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Recess Rotating Attachment

When grooves must be formed deep within a hole, their shape, size and concentricity often can be improved through the use of a revolving/ rotating recess milling attachment.

This is a wedge-type drawback recessing attachment. The Recess Tool is held in the spindle, which is riding on precision bearings and driven by a splined shaft from the screw machine's gear box.
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  • Recess Rotating Attachment
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The tool generally is a one piece item resembling a Woodruff key cutter. Using this combination, close limit recesses six diameters back from the face of the hole have been produced routinely. In one application, a ganged high speed steel cutter with 5/8 shank is producing four grooves simultaneously. The rearmost groove is 3-3/8 inches from the outer edge of the hole. Largest of the four diameters recessed is 3/4 inch.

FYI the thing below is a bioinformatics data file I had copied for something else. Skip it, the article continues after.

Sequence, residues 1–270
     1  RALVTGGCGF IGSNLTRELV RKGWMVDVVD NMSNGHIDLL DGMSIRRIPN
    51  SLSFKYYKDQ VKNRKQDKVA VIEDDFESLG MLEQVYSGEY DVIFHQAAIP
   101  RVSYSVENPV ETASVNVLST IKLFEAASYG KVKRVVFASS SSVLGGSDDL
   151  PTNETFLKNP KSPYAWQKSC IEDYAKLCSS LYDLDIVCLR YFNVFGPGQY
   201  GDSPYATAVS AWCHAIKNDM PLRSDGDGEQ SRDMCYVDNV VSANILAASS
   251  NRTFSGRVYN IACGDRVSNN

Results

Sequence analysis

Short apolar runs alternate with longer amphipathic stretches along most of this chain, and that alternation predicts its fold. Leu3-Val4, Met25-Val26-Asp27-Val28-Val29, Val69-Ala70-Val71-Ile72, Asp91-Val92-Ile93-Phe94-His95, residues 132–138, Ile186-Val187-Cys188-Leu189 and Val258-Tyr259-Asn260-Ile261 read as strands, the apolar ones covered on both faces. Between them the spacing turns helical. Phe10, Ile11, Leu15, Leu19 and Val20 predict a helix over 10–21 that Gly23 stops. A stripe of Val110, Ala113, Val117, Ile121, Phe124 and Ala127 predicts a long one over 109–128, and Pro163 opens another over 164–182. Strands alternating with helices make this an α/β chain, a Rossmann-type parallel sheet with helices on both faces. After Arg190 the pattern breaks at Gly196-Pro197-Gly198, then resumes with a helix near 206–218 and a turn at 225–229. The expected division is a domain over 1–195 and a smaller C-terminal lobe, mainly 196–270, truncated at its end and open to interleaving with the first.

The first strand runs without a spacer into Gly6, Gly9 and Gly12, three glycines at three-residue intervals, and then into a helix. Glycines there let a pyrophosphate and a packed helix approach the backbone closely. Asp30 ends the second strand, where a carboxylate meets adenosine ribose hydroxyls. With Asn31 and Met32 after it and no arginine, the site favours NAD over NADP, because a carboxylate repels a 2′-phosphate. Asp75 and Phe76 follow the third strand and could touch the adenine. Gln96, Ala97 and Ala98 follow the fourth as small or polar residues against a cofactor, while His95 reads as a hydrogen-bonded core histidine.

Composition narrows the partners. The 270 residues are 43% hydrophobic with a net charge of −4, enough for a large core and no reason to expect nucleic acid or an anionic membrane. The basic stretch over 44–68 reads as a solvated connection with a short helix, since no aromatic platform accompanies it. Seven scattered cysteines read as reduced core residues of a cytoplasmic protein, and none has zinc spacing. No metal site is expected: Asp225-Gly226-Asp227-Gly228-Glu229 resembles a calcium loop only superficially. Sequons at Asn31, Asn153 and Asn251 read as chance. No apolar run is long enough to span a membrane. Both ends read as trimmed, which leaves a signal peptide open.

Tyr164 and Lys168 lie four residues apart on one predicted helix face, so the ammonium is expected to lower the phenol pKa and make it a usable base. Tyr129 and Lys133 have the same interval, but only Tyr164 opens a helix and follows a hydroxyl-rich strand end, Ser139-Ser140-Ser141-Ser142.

If a conventional recessing tool will work as well it should be used. Recess milling pays off best when (1) recesses are wide or deep in relation to shank diameter of the tool, (2) when close concentricity is needed between a recess and the spindle, or (3) when the shape or shapes to be recessed are complex and can be ground in a milling cutter more easily than in a single point tool. It follows that the method also applies best for long run operations, particularly in the more difficult materials.
From a feed and speed standpoint, the mathematics of recess milling are a bit more involved than for other conventional spline driven tools. As an example, assume a 3/4 inch diameter recessing cutter is working in a one inch hole, and is being driven at 1:1 ratio counter to a machine spindle running at 508 rpm:
If, instead of a revolving cutter, a standard recess tool were used, cutting speed would be 135 sfm (one-inch at 508rpm). If the work was stationary and the cutter revolved, sfm would be 100 (3/4 inch at 508 rpm). Hence, the effective cutting speed for this operation is the sum of the two sfm's, or about 235. Feed will be the per-revolution sidewise motion of the recessing holder divided by number of teeth in the cutter.
From this the mechanical advantage of a revolving tool will be apparent; a lightly fed, high speed cut, which is less apt to deflect the tool's shank, results. Field reports indicate users are holding recessed dimensions to within .003 inch total deviation by this means, including the very slight scallop effect which is sometimes noted. The extremely light per tooth feed yields fine chips.